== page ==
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 January 22, 1999 Volume 6, Number 9

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University's first 'term abroad' program, in Guatemala, is again fully subscribed


Professor Jim Handy founded the term abroad program, in his role as coordinator of History's International Studies Program.



Earlier this month, a group of U of S students showed up for class wearing sandals instead of snow boots.

But they were dressed quite appropriately for the weather in Antigua, Guatemala, and will be taking part in the University's Guatemala Term Abroad Program.

The popular offering was established in 1997 to provide an opportunity for study in a Central American environment, integrating classroom work with "real world" experiences.

The students - 18 from both the U of S and Guelph - study in rented space in central Antigua and have access to excellent library resources in the Centre for Investigations on Mesoamerica, a privately funded research institute in the city of 30,000 or so.

The program, which is jointly run by the University of Guelph, differs from most student exchanges programs in a number of ways, says Dr. Jim Handy, a history professor who founded the term abroad in his role as coordinator of History's International Studies Program.

"We're able to control the courses offered," he says. "We take one faculty member from here and one from Guelph and essentially establish a U of S/U of G campus down there."

In 1997, Handy accompanied the students to Guatemala. This year, Professor Kalowatie Deonandan, of Political Studies, is accompanying the students for the four-month term.

In addition to the Canadian faculty, two additional lecturers with North American PhDs will be hired locally in Guatemala to teach an intensive, month-long Spanish language course.

"To my knowledge, this is the only term abroad offered by the U of S. Other universities are doing it, but it's something that's new here," says Handy.


Twice as many applicants

The program is scheduled to run every second year and, to date, has had twice as many applicants as there are openings. While the program has generated considerable interest among history and political studies students, Handy notes that it's open to any upper-level U of S student. But he notes that for those who are accepted, the Guatemalan term isn't a leisurely vacation.

"The students work hard. It's a full term of work for them. Most of the students in the first [1997] group found that it was impossible to do all four of the 300-level courses, and most ended up taking three."

Still, in addition to the academic program, students do benefit from a variety of non-classroom activities, including trips to ancient Mayan ruins and other places of interest.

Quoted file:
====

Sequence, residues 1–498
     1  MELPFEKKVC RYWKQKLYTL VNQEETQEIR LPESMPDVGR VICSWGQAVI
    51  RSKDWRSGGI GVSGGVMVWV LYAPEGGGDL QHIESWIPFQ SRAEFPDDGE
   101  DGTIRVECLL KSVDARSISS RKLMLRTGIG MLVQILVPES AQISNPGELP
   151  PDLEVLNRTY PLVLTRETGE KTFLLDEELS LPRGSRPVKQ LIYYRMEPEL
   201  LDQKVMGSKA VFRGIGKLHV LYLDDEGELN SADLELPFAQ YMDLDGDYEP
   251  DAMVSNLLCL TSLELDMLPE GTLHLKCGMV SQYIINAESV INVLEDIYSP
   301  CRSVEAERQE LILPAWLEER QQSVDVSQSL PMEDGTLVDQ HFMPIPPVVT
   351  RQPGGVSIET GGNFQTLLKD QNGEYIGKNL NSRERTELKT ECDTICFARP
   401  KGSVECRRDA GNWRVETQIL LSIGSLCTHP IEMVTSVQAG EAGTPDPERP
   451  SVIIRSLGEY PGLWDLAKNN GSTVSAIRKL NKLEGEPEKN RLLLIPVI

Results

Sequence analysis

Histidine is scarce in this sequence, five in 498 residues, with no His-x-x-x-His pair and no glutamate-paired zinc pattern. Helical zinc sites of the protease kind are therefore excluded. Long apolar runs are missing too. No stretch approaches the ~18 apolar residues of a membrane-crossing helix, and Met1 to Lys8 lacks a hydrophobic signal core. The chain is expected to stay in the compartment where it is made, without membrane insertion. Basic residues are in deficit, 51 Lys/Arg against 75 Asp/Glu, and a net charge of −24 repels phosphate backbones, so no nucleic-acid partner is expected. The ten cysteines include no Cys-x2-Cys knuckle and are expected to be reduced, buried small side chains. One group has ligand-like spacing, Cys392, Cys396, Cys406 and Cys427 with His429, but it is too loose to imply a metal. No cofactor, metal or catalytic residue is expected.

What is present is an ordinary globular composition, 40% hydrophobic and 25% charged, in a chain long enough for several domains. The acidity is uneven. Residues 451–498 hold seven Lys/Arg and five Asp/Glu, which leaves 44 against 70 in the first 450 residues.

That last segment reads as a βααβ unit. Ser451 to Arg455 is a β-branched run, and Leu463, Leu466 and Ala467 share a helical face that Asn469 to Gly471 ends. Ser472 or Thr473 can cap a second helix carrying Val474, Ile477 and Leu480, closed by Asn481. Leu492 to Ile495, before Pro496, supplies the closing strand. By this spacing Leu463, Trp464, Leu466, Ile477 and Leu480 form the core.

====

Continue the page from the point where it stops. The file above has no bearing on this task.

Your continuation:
Participants must pay a $500 program fee on top of their regular tuition, which means that the program's cost to the University is fully recovered. Students are also expected to pay their own airfare and the cost of room and board with a pre-screened Guatemalan guest family.

When Hurricane Mitch battered parts of Guatemala and other Central American countries last November, Handy monitored the situation closely. Luckily, the damage in Antigua wasn't as severe as in other areas and the U of S group was able to continue planning the term abroad.

Moreever, the hurricane's damage prompted the students to organize a fundraising event to collect more than $1,000 for hurricane relief efforts.

A number of the students may also be staying in Honduras after the term abroad to help with the rebuilding.

Handy, who is president of the Canadian Association of Latin American and Caribbean Studies, is now organizing a campus fundraising effort with Oxfam and the Coordinating Council of Peasant Organizations of Honduras.


The 1997 group of U of S and Guelph students pose for the camera beside a fountain in Antigua, Guatemala.



Hundreds to choose from

"We've asked them to select a village that's most in need, but there are hundreds to choose from. It's a hard choice to make," he says, adding that fundraising letters will likely be sent out to faculty in January.

"We're hoping this money can help to relieve the suffering in the Honduras, but we're also hoping this will help us to develop a continuing relationship with one particular village."

With a number of new initiatives on the horizon, Handy says the Guatemala term may eventually be one of several terms abroad for the U of S. He says he envisions similar opportunities for study in Asia and Europe.

"At this point these are still only proposals and will still have to be developed, so I have no idea whether they'll be accepted or not."

However, one other initiative that is further along is a possible graduate degree in Latin American studies. The degree would utilize the Guatemala term and add a further seminar and research component also to be completed abroad.

"We're ready to submit the proposal and the Dean's Office has already reviewed it and is supporting it."

He says talks have also been held with people in Agriculture and in Community Health and Epidemiology about developing respective components.

"But whether these eventually happen or not is hard to say at this point," he adds.

- Dale Worobec




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